You’re good at it. And?

It can be easy to confuse what you’ve become “good at,” or “what comes easy to you,” with what makes you feel alive.  Anything that comes easy to you probably does so because you worked at it for a long time, perhaps even starting when you were very young—so that by now, you’ve forgotten much of the time you invested and you believe that what you do is what you’re naturally good at, and as a result, it’s what you’re meant to do.

It’s fair to say that when I practiced law full time, I was at least a competent lawyer.  Briefs became easier and easier to write; much of the research on many issues I encountered was already in my head; and so on.  There might have been times when I thought to myself, “you’re good at this.”  Maybe even “you were meant to do this.”

But was I conflating being “good” at law versus what made me come alive?  There were accomplishments throughout my legal career that boosted me emotionally so again, I thought, “you’re supposed to be a lawyer.”  But was I using those external victories and accomplishments as a source of happiness?  There’s nothing wrong with that as long as you’re also enjoying the process.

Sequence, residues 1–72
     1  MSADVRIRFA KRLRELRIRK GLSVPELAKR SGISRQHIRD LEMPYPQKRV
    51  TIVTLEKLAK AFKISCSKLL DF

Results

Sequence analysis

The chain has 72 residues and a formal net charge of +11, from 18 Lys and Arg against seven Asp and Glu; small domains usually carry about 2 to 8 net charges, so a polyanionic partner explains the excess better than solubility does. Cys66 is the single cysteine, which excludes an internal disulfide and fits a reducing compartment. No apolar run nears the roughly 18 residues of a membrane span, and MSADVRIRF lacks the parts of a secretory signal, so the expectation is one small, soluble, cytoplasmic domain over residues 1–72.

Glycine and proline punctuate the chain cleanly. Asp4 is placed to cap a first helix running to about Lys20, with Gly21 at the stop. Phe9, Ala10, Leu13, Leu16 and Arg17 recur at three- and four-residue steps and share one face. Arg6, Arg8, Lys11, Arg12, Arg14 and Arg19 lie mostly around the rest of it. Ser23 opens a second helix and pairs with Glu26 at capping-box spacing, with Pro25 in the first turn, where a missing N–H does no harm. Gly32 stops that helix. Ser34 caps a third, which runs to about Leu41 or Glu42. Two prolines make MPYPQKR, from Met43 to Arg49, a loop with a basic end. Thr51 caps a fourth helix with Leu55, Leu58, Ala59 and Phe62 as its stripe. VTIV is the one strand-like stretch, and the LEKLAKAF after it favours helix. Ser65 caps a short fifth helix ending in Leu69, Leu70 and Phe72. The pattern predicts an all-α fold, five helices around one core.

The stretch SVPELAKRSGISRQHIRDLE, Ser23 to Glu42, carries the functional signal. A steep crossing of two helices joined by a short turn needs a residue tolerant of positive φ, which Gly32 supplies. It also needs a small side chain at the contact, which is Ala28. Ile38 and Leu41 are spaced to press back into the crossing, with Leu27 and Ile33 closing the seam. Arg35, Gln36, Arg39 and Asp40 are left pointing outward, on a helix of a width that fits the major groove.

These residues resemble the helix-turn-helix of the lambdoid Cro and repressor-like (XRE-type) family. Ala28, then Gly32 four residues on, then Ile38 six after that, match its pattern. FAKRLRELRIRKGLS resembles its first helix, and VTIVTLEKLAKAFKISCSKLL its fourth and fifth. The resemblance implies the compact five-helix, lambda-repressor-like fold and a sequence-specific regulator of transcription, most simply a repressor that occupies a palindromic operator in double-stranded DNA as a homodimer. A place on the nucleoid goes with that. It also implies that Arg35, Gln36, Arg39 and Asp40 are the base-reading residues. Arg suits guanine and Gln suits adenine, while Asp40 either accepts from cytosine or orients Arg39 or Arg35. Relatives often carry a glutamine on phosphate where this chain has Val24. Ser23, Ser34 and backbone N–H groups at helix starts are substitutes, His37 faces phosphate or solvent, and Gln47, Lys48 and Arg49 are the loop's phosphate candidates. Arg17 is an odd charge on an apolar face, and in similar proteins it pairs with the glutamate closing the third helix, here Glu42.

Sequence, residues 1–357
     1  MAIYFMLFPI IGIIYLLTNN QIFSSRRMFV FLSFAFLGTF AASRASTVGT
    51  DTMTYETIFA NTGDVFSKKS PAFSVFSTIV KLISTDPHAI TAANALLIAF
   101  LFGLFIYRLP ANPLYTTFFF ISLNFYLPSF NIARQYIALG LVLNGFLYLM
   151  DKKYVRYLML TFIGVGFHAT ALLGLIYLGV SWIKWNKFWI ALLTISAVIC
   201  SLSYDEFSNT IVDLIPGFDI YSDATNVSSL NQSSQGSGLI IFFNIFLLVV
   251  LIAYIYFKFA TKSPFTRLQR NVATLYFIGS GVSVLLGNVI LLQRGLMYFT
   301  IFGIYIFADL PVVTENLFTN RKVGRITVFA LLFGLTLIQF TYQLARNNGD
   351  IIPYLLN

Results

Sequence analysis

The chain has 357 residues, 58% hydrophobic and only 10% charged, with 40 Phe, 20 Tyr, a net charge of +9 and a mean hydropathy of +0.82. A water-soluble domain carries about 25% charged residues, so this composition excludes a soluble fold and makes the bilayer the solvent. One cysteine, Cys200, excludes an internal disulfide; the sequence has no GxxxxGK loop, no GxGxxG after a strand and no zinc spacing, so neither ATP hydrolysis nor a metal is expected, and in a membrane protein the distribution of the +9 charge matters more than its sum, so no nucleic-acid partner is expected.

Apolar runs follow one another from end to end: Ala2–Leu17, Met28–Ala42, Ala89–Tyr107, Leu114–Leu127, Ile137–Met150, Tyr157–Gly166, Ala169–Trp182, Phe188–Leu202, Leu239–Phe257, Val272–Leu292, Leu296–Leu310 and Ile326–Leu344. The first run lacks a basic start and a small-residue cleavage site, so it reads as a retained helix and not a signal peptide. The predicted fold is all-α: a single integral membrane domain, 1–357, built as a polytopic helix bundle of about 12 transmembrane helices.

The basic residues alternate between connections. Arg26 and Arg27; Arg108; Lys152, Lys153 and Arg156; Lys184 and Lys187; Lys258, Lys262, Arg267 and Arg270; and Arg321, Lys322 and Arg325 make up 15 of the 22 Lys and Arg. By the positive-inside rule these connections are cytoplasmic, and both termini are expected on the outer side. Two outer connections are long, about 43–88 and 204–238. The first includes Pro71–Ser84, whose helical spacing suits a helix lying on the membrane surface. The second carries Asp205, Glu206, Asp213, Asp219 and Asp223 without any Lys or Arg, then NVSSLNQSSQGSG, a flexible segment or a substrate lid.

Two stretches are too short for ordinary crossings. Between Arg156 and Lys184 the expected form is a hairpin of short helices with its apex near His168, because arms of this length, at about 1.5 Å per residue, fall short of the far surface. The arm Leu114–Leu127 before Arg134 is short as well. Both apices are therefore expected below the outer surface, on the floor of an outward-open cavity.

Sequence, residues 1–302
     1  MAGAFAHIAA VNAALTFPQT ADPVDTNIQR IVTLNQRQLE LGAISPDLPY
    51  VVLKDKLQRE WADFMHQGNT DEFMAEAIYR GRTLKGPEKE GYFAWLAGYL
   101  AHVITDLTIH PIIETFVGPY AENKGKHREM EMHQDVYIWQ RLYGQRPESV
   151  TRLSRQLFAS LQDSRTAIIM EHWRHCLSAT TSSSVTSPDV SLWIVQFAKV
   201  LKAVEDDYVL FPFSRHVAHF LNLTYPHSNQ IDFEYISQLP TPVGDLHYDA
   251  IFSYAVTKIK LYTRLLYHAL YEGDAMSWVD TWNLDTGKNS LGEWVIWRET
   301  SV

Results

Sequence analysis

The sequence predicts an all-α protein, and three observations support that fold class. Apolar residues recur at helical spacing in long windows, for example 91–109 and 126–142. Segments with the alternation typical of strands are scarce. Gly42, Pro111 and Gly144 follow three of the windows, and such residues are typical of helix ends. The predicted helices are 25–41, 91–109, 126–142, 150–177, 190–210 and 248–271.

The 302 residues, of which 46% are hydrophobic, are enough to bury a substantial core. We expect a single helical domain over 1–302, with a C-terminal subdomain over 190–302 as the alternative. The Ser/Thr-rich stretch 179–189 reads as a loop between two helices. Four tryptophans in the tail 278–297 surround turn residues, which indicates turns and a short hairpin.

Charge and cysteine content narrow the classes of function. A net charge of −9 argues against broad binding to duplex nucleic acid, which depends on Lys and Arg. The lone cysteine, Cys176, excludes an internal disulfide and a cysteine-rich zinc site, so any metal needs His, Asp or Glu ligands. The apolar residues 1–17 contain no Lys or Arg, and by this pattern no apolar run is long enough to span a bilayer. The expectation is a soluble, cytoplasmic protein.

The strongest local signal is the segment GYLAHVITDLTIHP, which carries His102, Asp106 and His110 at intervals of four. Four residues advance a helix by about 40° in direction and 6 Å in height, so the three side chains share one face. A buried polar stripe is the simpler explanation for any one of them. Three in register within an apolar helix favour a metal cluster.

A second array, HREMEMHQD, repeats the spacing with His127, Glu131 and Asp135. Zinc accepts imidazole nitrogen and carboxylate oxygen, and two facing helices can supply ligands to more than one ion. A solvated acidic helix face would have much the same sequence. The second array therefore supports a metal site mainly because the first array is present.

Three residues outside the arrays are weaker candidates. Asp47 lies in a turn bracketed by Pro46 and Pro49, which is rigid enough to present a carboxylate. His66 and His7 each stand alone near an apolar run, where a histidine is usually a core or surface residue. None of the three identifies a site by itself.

When I started working with pastries and chocolate, I was impatient.  It was hard.  Sounds amusing, but I had forgotten that I wasn’t born a lawyer.  I had disregarded the fact that all of my schooling, from elementary school through law school, had taught me many of the skills that I would need as a lawyer—at a fundamental level, I had logged tens of thousands of hours reading and writing before I even became a lawyer.

Yet, somehow, I expected piping truffles, balancing ganaches and recipes, and hand-dipping chocolates to come naturally.  There were plenty of times when learning was unpleasant.  You become the “old person in class” who doesn’t pick up tasks as quickly as you once did.

You will likely be uncomfortable learning those new skills, but if your heart is in it, it doesn’t matter how awkward it feels.  Give it time.  Figure out if your time is being spent doing what you’re doing only because you’re good at it, or because it makes you feel alive.


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